At dinner on Sunday night we all gathered around the table as the chicken was served by the community chef (not really, but he’s the best cook amongst everyone at L’Arche). After we were done eating, the chef said, “I’m going to go downstairs to do something and I’ll be right back up.” This was supposed to signal a surprise, but core members can never keep anything a secret, so Jenna blurted out, “He’s going to get the cake!!!” Well, that was the end of that.
When he came upstairs with the cake, all of the core members began singing happy birthday. To me it didn’t matter that half the words were missing, that they were completely off tune, and that there was an awkward pause when they came to my name. To me the song was a beautiful melody and I knew that it was not just a cliché thing but coming from the heart.
After we shared the cake together, we began our tradition of going around the circle and sharing the individual’s “gifts” with each other. This is a beautiful practice at L’Arche and honestly is one of those moments when you just feel so good inside. I’ve sat around the table many times when core members have shared about an assistant’s gifts or vice versa, but now it was my turn. I wasn’t expecting to be so emotional about it and in fact I didn’t even realize I was being emotional until Darryl proposed a toast to which Mary-Anne looked at me with a worried expression on her face and said, “Deborah, what’s wrong? Why are you crying?” I hadn’t even realized that a tear had slid down my cheek.
If you ask my friends what my gifts are they would say something like that I’m loyal, passionate, and that my faith means a lot to me. I have never felt comfortable claiming my gifts, though, because I grew up with this mindset that to say you have achieved something or are good at something was haughty and perhaps would make others who don’t share those same abilities and talents feel badly about themselves. So up until this year if you asked me what my gifts were I would try to avert the conversation. However, L’Arche has taught me that there is great strength in naming your gifts and that we have the right to be proud of accomplishments we have met.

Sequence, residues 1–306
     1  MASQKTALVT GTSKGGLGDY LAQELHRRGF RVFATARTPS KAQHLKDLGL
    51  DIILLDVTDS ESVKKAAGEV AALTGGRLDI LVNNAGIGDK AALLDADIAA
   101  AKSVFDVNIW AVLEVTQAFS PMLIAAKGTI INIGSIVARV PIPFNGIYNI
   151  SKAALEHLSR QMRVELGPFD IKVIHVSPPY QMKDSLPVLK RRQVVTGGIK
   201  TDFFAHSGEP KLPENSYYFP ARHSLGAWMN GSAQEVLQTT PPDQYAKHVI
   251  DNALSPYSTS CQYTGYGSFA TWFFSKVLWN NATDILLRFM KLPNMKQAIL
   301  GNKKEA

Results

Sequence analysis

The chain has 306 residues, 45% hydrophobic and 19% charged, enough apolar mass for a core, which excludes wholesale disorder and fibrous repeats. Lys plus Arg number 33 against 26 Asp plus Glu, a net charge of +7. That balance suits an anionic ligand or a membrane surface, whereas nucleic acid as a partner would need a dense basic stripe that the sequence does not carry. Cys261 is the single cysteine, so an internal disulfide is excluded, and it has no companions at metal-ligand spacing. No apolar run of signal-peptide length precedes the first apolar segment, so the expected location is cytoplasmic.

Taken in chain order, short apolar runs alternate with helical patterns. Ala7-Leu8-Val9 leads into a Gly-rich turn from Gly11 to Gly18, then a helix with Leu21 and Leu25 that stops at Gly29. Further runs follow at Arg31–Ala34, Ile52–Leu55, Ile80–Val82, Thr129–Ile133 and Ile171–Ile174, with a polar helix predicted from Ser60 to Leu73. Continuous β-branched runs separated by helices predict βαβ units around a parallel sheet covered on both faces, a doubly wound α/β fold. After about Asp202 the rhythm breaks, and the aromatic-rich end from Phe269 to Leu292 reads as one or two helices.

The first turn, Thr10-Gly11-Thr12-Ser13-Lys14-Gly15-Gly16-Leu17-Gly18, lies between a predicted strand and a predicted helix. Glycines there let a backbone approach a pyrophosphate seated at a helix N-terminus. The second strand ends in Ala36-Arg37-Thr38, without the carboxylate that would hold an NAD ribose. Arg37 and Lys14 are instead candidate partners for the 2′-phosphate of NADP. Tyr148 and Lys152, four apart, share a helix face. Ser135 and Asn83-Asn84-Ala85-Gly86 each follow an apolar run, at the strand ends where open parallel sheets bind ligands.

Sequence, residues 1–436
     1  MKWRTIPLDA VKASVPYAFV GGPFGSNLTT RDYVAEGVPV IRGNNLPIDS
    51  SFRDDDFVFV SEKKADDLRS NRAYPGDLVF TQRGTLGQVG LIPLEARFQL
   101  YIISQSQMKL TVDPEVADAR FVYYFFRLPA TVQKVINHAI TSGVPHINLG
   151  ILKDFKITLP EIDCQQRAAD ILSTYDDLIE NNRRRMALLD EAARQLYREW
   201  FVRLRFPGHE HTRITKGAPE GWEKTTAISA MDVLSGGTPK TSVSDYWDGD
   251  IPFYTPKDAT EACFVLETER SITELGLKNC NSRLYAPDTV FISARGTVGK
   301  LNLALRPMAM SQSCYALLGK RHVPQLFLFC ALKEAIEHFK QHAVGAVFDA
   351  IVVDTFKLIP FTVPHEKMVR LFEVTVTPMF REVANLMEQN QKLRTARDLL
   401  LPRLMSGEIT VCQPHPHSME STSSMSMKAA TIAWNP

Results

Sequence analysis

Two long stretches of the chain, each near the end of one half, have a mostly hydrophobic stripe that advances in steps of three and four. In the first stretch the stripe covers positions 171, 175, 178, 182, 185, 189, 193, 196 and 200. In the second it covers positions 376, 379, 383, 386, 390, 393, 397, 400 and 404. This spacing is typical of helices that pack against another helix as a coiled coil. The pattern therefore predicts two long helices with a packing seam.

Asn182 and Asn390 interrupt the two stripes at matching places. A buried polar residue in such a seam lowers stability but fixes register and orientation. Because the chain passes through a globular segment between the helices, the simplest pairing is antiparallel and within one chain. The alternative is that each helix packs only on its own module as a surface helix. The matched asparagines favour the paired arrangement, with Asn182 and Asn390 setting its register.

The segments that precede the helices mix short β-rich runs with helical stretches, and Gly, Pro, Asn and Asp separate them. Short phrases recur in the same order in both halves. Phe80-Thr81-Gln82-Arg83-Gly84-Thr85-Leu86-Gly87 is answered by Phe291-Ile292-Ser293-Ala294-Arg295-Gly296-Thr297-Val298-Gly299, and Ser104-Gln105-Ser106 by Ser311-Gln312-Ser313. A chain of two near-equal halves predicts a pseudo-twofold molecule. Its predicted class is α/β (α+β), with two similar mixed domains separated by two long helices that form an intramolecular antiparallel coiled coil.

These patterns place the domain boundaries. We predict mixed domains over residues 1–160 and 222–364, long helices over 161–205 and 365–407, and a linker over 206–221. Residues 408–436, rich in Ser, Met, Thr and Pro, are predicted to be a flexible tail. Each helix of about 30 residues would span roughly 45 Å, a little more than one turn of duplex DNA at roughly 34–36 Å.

When the core members shared about my gifts, I realized how much the little daily interactions I have with them really mean. It may not seem like a lot when I help them wash their feet, but to them this is an act of dignity and respect. To me reading a bed time story with a core member might feel like a pleasant way to end the day, to them it means that I value them enough to give them one-on-one attention. Having core members tell me that I’m their best friend is perhaps one of the greatest feelings I can ever have. One of the core members offered to take me to McDonald’s after church for my birthday lunch and another (perhaps trying to one-up him) said she was going to take me to Tim Horton’s (a Canadian doughnut chain), followed by seeing a movie on the big screen with me, and then we were going to finish the whole day off with Big Macs! In that moment I was reminded of just have fortunate I am to have friends like this.
Yes, birthdays are always special times regardless of how you celebrate. But, if I really feel like being bold, may I make a recommendation? At your next party invite a friend or two who has a developmental disability. What you’ll find there is just a whole lot of warmth and love. It will truly be a birthday to remember!